Hospitals failing to provide valid consent forms put themselves at risk of citations by the Center for Medicare and Medicaid Services (“CMS”). A CMS surveyor will typically review medical records and interview patients and/or hospital personnel to determine whether a hospital has routinely complied with its policies on informed consent. Surveyors look for hospital policies that address the patient’s right to make informed decisions about their medical procedures.
In Illinois, informed consent is required for physicians who are acting in non-emergency situations prior to performing surgical or operative procedures. Any instance where incisions, excisions, or sutures must be performed on the patient also requires informed consent. In addition, doctors must give accurate and truthful answers to those patients who inquire about their education and experience.
Informed consent is not required in emergency situations when the patient is unconscious, (or adequate time for communication does not exist), when such procedures would put the patient’s life at risk, when there is risk of significant emotional harm, and when the individual is deemed incompetent. Additionally, a patient’s decision for treatment may be denied in situations where care would be futile.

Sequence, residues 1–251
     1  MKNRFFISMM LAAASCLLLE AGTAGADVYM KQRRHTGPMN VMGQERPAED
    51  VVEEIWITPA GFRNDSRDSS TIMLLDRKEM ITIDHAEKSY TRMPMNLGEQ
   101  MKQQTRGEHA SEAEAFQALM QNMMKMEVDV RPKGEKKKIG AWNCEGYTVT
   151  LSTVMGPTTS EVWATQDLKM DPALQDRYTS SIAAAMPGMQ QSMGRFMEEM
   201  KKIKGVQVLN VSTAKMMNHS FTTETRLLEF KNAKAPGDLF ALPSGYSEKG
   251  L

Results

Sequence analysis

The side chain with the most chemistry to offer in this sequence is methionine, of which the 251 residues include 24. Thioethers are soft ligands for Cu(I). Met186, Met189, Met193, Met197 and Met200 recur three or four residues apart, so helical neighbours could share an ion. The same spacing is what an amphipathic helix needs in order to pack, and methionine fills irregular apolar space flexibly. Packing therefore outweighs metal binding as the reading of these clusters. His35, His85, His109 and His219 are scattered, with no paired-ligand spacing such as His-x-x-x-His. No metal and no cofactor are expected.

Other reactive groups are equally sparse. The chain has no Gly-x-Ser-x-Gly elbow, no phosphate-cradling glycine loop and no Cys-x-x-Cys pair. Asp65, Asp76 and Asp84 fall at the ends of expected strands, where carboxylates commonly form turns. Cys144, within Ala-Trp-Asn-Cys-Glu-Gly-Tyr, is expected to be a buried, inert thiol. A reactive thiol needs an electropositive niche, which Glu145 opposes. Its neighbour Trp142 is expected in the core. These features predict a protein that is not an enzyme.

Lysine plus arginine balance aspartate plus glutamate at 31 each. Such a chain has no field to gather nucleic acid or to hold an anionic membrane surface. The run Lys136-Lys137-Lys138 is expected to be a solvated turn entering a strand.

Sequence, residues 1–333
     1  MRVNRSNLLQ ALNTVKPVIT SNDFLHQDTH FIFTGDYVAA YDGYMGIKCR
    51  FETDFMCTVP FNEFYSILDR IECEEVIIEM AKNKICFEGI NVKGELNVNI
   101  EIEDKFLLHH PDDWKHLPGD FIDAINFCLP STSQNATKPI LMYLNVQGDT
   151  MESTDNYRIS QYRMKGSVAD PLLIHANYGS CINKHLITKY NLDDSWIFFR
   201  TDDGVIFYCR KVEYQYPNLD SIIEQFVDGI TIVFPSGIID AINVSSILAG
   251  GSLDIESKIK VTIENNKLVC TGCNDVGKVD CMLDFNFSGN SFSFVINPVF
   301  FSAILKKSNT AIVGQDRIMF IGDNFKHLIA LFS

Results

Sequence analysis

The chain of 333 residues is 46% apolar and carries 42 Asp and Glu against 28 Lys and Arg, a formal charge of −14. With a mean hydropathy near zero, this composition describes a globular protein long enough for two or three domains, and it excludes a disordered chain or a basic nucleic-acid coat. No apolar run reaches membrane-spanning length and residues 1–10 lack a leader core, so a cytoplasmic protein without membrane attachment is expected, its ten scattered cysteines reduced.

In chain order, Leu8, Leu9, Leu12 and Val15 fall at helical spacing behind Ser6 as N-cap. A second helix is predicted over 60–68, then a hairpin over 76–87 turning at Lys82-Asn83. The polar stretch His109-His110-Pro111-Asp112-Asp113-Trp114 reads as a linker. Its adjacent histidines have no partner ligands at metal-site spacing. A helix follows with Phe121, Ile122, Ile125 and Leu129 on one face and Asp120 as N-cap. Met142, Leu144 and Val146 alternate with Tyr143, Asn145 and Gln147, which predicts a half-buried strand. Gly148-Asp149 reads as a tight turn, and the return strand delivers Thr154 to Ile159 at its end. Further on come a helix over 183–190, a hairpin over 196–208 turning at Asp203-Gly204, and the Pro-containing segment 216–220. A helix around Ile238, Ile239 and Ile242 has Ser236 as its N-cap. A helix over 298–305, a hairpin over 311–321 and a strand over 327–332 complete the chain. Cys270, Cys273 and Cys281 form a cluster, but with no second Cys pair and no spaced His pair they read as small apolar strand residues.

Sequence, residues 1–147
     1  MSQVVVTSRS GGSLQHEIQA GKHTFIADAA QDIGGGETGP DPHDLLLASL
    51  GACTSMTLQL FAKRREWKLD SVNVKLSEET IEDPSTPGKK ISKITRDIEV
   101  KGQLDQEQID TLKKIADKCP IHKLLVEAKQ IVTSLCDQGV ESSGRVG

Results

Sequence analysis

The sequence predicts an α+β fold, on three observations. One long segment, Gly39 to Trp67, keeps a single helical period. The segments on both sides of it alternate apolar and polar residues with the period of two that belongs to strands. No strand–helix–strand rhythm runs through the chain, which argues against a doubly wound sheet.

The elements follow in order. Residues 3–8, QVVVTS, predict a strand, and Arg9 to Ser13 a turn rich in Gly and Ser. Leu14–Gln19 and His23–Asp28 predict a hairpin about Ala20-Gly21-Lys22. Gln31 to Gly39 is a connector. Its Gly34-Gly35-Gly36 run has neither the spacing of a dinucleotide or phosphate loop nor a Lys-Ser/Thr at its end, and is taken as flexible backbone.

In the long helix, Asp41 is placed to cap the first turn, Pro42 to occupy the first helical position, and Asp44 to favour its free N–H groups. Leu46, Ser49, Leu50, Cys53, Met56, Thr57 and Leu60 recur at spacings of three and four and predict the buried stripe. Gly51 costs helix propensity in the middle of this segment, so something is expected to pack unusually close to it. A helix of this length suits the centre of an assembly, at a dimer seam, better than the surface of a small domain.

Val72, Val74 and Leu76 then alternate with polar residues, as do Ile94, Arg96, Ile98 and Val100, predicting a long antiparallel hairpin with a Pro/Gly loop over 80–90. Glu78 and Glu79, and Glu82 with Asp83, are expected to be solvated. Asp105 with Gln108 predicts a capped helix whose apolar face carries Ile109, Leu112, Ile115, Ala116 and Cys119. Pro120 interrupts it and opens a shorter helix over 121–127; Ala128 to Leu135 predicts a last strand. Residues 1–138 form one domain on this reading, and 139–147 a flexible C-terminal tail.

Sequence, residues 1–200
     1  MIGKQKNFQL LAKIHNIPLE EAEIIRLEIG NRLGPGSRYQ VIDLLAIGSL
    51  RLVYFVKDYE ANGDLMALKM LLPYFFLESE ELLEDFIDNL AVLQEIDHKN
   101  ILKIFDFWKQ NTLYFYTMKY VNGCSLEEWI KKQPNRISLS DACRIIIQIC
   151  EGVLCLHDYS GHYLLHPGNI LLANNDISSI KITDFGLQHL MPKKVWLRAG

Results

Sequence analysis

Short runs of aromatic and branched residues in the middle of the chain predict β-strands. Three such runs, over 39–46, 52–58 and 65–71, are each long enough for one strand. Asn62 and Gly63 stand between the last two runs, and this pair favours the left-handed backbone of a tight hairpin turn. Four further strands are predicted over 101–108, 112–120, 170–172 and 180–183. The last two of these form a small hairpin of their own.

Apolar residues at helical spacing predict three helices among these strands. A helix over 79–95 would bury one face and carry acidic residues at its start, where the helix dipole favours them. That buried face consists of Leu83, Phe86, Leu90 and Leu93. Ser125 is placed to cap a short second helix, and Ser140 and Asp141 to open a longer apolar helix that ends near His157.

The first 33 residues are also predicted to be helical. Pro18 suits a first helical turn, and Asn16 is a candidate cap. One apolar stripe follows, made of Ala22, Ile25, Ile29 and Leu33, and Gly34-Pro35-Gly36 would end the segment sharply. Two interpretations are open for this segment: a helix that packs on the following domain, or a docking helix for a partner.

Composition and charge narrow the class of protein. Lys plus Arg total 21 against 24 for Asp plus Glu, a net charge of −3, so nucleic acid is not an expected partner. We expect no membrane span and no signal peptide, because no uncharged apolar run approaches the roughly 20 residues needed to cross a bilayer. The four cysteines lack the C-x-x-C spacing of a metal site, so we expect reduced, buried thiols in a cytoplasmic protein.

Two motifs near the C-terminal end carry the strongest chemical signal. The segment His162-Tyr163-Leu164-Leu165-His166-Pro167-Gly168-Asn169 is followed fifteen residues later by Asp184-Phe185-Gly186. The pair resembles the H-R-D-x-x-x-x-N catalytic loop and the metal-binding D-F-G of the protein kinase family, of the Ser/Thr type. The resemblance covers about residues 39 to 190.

Effective delivery of informed consent has barriers. These barriers include the lack of clinician time, confusion among clinicians about when informed consent is needed, caution among doctors about disclosing too much information, the perception among patients that informed consent is simply a legal release, patient unawareness and cultural issues, poor quality of educational materials and consent forms, patient inability to comprehend information on the consent form, and clinician inability to detect the patient’s lack of comprehension. Ms. Repa stressed that successful informed consent procedures requires a balancing of the interest in an efficient process versus the interest of preserving a patient’s rights.